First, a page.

The Importance Of Genetically Modified Organisms

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Genetically Modified Organisms Using genetically modified organisms to enhance the production of food, is a new technique for solving the food shortage caused by overpopulation in the world. Food labeling is needed to educate consumers about the ingredients in food that may contain some form of chemicals and pesticides. Consumers play a major role in deciding whether products containing genetically modified organisms remain economically stable. Produce, crops and animals are sources of food commonly enhanced by genetically modified organisms. Although many states require the labeling of GMOs, there are many that do not. Often genetically modified foods are the cause of allergies and other health problems affecting consumers ate. …show more content…
The food industry has used this technology to create pest-resistant plants and disease-resistant animals in an effort to ensure more of a stable food supply. With the progression of genetic engineering, it is virtually possible to enhance crops, animals and individual genes more precisely with desired characteristics. (Institute of Food Technologists, 2000). In the mid1990s genetically engineered (GE) foods began to appear in the marketplace, —unbeknownst to most consumers who may have not noticed the increase in population (Institute of Food Technologists, 2000). Foods that contain GMOs were created to help with overpopulation not to cause harm, so the importance of reading food labels is vital. As the population continues to grow, so does the technology of GMOs, scientist are inventing more cutting edge scientific chemicals to aid in the production of agriculture. The United States Government is responsible for educating the consumer on the dangers of GMOs (Farquhar, D. …show more content…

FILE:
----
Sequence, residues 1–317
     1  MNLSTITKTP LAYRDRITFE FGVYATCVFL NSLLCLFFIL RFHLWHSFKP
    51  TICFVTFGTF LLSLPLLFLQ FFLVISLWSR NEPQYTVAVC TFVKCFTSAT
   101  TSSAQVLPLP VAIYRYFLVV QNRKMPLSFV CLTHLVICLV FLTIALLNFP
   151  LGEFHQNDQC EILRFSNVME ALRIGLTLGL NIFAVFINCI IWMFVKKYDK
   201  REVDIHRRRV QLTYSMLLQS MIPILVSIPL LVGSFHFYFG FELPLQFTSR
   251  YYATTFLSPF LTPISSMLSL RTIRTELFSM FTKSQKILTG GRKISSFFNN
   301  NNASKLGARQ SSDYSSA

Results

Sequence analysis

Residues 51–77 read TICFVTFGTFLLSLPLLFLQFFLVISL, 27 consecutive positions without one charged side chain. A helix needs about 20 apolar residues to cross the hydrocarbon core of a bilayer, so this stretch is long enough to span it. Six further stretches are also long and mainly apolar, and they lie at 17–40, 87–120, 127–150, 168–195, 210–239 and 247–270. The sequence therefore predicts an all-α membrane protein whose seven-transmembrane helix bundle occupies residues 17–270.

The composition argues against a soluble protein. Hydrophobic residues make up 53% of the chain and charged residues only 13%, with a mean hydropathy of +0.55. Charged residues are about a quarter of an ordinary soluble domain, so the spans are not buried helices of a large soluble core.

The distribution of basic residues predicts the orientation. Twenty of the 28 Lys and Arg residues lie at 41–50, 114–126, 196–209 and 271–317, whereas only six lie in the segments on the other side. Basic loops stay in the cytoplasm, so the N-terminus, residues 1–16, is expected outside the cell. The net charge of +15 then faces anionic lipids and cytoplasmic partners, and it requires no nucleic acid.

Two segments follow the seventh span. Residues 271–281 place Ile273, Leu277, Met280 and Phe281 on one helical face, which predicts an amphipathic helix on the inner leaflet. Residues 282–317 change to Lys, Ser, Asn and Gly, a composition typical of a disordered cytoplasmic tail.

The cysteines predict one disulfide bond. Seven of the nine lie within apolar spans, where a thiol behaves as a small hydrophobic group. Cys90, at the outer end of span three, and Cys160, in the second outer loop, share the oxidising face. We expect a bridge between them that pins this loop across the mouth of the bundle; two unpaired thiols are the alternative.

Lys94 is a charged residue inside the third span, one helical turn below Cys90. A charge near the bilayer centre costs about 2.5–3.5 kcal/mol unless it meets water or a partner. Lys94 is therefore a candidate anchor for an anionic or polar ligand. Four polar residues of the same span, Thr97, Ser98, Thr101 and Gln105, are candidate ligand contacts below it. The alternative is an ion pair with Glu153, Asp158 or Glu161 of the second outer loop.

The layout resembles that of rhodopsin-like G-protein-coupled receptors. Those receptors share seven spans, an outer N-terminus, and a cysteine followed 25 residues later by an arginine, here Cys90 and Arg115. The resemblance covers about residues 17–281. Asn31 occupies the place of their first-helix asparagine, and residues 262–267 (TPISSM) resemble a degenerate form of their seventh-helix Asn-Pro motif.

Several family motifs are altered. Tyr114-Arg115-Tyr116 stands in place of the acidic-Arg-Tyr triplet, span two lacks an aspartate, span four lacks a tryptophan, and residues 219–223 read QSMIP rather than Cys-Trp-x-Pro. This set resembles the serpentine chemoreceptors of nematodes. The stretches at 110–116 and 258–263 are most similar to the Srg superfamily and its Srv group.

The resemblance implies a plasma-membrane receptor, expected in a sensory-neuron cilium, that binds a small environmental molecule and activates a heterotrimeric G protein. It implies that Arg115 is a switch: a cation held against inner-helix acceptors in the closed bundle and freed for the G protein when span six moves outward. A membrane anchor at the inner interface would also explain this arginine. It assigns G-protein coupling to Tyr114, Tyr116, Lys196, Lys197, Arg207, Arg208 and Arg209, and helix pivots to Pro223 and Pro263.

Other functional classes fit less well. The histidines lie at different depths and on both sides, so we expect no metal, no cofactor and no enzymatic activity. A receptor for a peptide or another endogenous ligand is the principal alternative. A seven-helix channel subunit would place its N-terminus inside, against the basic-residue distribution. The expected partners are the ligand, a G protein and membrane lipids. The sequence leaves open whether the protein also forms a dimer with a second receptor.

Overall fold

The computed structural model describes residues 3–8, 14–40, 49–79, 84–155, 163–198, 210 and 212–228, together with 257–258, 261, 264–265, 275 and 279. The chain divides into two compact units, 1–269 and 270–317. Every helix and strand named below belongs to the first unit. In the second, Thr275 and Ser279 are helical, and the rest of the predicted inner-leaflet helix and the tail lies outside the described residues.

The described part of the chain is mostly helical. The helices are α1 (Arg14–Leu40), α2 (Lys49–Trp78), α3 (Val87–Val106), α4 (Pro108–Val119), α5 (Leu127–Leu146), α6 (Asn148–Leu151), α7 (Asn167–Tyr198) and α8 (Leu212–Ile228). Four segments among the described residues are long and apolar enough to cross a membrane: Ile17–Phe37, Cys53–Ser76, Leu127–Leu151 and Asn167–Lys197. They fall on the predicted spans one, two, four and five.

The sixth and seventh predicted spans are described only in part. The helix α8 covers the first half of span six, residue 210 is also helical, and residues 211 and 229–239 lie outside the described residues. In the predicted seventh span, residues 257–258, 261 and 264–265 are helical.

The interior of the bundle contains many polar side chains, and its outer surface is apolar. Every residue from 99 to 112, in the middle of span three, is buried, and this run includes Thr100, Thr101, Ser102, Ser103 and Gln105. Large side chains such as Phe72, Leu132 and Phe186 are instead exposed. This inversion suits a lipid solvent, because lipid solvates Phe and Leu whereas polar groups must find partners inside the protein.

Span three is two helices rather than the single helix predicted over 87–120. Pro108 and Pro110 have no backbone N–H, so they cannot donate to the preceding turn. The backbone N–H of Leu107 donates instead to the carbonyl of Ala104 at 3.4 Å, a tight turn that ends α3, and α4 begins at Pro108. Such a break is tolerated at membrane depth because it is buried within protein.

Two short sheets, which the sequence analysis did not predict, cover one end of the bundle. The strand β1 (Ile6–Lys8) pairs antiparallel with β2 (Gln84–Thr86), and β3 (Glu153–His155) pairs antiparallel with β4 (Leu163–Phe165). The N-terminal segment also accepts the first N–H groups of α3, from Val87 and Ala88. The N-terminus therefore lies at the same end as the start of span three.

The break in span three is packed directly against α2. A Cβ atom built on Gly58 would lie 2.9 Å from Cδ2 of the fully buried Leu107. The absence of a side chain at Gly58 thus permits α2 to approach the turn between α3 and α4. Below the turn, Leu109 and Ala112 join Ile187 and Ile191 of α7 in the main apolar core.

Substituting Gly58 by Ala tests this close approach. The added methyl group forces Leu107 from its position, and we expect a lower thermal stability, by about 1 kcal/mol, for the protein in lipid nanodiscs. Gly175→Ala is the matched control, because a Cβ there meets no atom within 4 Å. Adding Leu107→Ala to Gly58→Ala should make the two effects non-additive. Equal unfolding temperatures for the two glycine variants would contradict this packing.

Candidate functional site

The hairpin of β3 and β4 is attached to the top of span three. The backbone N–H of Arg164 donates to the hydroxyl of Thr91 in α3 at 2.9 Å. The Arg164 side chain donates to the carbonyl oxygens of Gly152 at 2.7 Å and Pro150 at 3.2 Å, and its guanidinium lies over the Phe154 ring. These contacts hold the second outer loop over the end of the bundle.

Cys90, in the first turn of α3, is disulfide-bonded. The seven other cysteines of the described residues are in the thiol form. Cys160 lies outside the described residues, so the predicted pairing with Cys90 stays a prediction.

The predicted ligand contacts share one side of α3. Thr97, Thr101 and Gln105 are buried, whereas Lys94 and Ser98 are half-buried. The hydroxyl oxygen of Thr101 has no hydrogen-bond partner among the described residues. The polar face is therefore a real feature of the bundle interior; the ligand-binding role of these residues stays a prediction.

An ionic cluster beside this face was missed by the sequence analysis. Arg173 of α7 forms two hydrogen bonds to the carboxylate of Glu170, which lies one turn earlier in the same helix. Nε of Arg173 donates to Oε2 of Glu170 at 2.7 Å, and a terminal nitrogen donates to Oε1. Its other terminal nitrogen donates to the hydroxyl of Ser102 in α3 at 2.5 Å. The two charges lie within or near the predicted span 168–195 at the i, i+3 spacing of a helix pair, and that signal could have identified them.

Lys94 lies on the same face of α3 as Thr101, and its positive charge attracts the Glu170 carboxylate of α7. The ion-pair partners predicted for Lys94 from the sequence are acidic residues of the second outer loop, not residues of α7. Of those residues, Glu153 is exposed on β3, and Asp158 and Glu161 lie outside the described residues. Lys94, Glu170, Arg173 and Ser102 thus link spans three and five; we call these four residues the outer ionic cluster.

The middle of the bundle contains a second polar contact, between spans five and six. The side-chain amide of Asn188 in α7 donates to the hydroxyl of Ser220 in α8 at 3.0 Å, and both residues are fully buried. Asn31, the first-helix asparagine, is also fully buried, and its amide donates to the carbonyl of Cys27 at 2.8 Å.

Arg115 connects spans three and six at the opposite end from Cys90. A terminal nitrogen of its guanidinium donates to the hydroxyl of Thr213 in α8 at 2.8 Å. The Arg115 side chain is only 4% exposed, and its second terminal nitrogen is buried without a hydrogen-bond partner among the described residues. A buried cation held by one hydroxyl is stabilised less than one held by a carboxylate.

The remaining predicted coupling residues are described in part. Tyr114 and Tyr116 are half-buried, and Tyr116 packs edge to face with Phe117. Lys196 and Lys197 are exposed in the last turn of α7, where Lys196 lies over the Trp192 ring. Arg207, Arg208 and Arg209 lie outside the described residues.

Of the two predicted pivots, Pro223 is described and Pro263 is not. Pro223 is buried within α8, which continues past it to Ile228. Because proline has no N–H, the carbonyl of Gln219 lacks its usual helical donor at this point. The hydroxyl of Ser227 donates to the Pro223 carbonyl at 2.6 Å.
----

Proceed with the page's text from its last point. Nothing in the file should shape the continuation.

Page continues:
' To date, most GMOs have fit within this ‘plant pest’ criteria for regulation by APHIS, although with recent advances in the technology including targeted gene modifications and cisgenic that do not use any ‘plant pests, ' some GMOs are not regulated by APHIS (Kuzma and Kokotovich 2011). However, most GMOs in the US have required a permit from APHIS before any ‘controlled’ release into the environment. These permits are usually for research in field trials until the GM organisms are approved following a process of a petition to APHIS for deregulation, after which a permit is no longer required (USDA

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